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National Theatre: Nine Night Review

National Theatre: Nine Night Review

On Monday 30 April The National Theatre opened his doors to an unmissable ensemble of events: Nine Night, a play written by Natasha Gordon and directed by Roy Alexander Weise, leads the way for a season of exploration, talks, memories and pictures celebrating the 70th Anniversary of the arrival of the SS Empire Windrush in Tilbury (please visit the website for more info about the events).

Nine Night is a boisterous, hilarious and moving journey into grief, family, traditions and the meaning of home: when Gloria, who left Jamaica many years ago to build a better future for herself and her family, dies, the traditional Jamaican Nine Night Wake begins to both escort her soul to Heaven and allow her family and friends to find their own peace. But while the nights and days pass, the music reverberates, the smell of food saturates the walls and memories unravel, the responsible Lorraine and her brave daughter Anita, the ambitious Robert and his wife Sophie, Uncle Vince and Aunt Maggie face the painful reality of past mistakes, regrets, old wounds and new ones. When Trudy, the daughter Gloria left behind, joins them to say goodbye to a mother she never really knew, past and present melt into a time bomb about to explode.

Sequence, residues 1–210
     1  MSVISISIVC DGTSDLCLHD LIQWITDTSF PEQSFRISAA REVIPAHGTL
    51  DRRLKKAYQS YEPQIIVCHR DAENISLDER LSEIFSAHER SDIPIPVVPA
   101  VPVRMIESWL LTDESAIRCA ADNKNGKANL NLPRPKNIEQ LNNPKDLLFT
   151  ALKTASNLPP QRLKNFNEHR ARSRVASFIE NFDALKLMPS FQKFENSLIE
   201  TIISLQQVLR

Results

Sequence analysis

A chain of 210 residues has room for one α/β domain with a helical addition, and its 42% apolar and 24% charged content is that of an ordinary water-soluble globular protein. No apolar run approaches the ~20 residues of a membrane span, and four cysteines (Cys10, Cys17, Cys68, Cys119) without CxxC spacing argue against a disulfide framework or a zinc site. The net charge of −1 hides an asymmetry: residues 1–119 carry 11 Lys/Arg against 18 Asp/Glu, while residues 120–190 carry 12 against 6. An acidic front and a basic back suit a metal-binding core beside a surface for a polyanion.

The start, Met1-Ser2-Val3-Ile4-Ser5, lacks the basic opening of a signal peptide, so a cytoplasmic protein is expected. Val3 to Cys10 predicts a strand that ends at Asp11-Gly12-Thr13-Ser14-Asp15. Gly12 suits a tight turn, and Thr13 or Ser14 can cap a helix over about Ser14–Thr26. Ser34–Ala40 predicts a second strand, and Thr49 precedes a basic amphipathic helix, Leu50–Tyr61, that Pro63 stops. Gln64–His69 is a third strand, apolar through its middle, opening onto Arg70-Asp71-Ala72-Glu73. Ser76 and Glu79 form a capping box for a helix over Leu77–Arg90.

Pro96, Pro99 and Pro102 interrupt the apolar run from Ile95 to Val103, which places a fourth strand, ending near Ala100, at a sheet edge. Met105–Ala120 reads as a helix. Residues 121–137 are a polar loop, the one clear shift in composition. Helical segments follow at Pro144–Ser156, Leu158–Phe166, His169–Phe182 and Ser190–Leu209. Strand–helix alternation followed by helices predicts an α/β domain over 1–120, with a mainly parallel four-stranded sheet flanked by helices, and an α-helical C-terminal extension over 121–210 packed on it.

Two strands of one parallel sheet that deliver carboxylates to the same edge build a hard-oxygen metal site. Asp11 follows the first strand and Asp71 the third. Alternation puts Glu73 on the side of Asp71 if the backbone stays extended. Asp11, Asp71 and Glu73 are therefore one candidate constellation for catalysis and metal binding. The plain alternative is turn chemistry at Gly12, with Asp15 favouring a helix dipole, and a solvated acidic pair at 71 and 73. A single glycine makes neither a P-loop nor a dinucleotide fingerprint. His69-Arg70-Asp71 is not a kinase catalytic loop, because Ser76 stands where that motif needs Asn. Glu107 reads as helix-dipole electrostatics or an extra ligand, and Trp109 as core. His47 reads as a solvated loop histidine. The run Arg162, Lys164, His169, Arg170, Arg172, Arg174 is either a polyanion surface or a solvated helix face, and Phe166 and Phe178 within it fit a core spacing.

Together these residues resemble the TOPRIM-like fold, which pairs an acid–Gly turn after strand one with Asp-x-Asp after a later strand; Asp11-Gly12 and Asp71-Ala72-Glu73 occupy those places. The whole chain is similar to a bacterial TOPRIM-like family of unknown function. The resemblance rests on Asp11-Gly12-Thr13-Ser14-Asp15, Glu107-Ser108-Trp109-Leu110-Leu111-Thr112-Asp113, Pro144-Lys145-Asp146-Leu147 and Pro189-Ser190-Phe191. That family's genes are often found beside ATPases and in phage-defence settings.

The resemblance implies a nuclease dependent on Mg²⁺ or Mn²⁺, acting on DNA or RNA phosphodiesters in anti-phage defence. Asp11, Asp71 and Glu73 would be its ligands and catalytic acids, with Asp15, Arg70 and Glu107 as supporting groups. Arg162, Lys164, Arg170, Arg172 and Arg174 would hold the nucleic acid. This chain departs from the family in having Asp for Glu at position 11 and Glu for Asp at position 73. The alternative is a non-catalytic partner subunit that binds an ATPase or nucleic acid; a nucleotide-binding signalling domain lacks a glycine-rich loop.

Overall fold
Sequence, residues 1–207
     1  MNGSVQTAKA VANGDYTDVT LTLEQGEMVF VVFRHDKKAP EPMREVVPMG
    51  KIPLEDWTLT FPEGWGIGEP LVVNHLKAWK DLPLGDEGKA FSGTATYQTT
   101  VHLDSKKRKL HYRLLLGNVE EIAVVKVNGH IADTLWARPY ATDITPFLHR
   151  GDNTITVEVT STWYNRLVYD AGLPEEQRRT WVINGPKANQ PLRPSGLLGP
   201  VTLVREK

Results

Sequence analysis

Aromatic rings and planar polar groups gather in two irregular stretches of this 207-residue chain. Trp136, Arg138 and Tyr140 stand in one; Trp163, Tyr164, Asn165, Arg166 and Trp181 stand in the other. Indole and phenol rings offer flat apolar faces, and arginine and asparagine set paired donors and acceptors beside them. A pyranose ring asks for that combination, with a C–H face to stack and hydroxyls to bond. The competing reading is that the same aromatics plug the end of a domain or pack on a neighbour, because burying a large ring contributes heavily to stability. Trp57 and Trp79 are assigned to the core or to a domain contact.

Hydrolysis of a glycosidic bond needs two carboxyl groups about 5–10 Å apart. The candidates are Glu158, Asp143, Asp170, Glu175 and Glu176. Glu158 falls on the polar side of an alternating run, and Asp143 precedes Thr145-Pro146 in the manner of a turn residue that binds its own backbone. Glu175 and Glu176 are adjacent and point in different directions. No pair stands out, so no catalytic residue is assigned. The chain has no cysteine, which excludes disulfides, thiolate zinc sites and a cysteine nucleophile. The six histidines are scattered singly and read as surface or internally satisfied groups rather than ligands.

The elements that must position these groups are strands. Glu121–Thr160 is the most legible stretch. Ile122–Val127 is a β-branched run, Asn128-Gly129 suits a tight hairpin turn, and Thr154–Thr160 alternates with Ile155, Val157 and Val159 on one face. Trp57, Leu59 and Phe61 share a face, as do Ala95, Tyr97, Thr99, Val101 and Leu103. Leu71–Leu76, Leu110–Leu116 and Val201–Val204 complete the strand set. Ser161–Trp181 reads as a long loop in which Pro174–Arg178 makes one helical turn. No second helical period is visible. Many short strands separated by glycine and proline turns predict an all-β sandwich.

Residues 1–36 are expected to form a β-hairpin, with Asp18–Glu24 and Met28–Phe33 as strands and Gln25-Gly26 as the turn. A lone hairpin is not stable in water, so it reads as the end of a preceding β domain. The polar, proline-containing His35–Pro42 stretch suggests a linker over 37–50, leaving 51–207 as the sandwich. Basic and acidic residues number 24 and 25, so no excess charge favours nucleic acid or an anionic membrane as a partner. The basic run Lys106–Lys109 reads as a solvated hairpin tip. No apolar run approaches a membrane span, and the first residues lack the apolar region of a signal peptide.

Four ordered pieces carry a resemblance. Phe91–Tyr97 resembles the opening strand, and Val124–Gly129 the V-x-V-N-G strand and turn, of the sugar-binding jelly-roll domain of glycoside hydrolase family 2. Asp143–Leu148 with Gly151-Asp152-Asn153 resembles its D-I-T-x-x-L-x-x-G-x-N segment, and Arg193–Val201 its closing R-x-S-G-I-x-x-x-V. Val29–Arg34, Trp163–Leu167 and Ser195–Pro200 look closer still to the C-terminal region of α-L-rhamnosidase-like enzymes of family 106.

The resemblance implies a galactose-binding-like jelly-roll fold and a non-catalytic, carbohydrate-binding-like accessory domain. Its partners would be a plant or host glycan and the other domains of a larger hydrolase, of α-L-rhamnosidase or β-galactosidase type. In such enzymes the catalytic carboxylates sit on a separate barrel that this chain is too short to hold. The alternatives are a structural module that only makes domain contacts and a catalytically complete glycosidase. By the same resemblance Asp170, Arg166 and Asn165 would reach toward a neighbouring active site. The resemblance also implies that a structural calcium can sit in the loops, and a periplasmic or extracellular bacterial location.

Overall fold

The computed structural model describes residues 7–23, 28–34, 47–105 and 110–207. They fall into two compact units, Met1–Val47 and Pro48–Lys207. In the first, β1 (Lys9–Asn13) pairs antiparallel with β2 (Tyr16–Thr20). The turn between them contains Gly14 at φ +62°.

Nine Night is a powerful exploration of love and grief, the small cruelties that shape our bonds with whom we love the most, and a celebration of the power of memories and traditions: while History left its mark on the Windrush generation, the extraordinary and ordinary lives of the women and men who reached the shores of the United Kingdom and started their new lives here shaped the very face and soul of the nation.

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Woven into the rhythm of mento, the fragrant patois, nostalgia and family ties, a magnificent cast lead by the powerful humour and intense performance of Cecilia Noble, and an absolutely dazzling Franc Ashman’s Lorraine, the play asks us an important question: in a society where death is the greatest taboo and pain is still felt as a source of shame and secrecy, where people cast away grief instead of embracing it, there is still a space where the old rites of passage, traditions and rituals can survive? The production shows us that even if nobody can experience our grief but us, rituals are necessary for us to sew the loose ends of pain and regret together to remember, celebrate, forgive and survive.